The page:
The equilibrium hinges on five other vital factors: sampling, conditioning, automation, data input/output, and integration. Each aspect is briefly outlined below.

Sampling involves more than merely drawing in ambient air; sampling systems often necessitate thermal control throughout their entire path to prevent compounds of interest from adhering to their surfaces.

The sampling system should encompass numerous individual channels to expand the sampling area, all while avoiding the need for multiple systems that inflate deployment costs. This objective is attainable only if the individual sample duration remains short, as previously discussed.

Conditioning the sample involves the use of technologies such as thermal oxidizers and auto reference algorithms.

These technologies can effectively eliminate the impact of changing ambient air conditions, which might otherwise lead to measurement drift over time. In environments with fluctuating humidity levels, such control becomes an absolute necessity.

Most ambient air systems are expected to operate continuously. Consequently, seamless automation makes the distinction between instruments that demand daily attention and those capable of operating autonomously for extended periods.

This automation should also exhibit flexibility, allowing adjustments not only to the compounds of interest but also to how these compounds are sampled, reported, and alarmed when they fall outside the designated range. The key here is flexibility tailored for industrial settings rather than laboratory environments.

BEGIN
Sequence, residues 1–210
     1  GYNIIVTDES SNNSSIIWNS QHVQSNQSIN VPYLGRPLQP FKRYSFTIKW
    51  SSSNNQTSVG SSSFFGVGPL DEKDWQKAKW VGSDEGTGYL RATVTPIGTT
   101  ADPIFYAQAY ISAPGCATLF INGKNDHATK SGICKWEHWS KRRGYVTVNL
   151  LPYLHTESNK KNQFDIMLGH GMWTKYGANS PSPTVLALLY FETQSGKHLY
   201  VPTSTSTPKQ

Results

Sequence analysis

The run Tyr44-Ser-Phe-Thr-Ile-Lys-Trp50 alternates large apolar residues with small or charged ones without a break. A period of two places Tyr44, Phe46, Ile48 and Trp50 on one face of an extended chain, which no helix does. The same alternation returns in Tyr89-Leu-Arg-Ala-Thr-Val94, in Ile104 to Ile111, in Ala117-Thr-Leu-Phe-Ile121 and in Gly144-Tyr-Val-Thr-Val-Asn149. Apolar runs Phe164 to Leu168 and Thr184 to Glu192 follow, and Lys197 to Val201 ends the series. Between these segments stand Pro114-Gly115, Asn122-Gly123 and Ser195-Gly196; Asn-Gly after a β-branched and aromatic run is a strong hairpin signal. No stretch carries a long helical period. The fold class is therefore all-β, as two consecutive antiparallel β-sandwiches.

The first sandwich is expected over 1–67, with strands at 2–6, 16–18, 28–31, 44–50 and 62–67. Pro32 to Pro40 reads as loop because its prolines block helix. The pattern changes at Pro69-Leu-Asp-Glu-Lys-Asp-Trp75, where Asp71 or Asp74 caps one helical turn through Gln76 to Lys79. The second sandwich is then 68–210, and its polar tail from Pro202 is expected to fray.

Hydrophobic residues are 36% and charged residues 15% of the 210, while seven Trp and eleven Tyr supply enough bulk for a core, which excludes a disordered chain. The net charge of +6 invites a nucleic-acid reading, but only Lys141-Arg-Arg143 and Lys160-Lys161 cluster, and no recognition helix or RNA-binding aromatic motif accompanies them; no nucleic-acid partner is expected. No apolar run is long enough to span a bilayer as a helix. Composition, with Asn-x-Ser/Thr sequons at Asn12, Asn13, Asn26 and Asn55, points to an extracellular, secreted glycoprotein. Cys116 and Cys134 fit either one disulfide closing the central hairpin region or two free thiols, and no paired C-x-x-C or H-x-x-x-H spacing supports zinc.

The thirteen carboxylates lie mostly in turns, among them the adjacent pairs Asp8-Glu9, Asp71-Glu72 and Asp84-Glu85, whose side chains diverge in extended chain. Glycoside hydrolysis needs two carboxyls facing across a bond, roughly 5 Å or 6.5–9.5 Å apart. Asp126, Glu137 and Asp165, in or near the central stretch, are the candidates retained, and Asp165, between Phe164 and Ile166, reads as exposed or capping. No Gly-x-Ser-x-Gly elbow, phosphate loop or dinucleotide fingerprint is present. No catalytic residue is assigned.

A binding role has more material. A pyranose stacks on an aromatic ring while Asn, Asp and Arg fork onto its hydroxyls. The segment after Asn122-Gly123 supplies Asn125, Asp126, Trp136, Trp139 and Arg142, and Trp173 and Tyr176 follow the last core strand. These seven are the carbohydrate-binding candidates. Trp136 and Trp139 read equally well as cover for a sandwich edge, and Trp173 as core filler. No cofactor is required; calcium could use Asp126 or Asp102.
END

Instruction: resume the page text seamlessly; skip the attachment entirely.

Factory analyzers seldom function in isolation; they must be integrated into control rooms and data capture systems employing recognized industrial protocols. Even the most capable analytical system serves no purpose if it cannot meet reporting requirements.

Procuring a purpose-built integrated system is the key to long-term user satisfaction and the attainment of reliable measurements. Just as one would not construct an automobile by purchasing individual components, analytical systems designed for low-level trace compound measurement must be conceived as a unified system.

5. Make Sure Your Instrument Supplier Can Provide More Than Equipment

Behind every exceptional analytical instrument, there are analytical chemists, application engineers, and service personnel armed with profound real-world knowledge. The equipment provider should be equipped to assist with compound-specific methods, secure area deployment, and data validation.

Comprehensive training, service, and post-sale support should encompass analytical assistance, as real-world environments can occasionally yield unexpected results requiring data validation.

By selecting the appropriate trace gas analyzer system, companies can confidently safeguard their workforce while simultaneously reducing the overall cost of ownership when transitioning from older GC equipment to modern technologies like OE-FTIR.

With the right equipment, users should anticipate years of trouble-free service and technology capable of adapting to future requirements.

This information has been sourced, reviewed and adapted from materials provided by Thermo Fisher Scientific – Environmental and Process Monitoring Instruments.

For more information on this source, please visit Thermo Fisher Scientific – Environmental and Process Monitoring Instruments.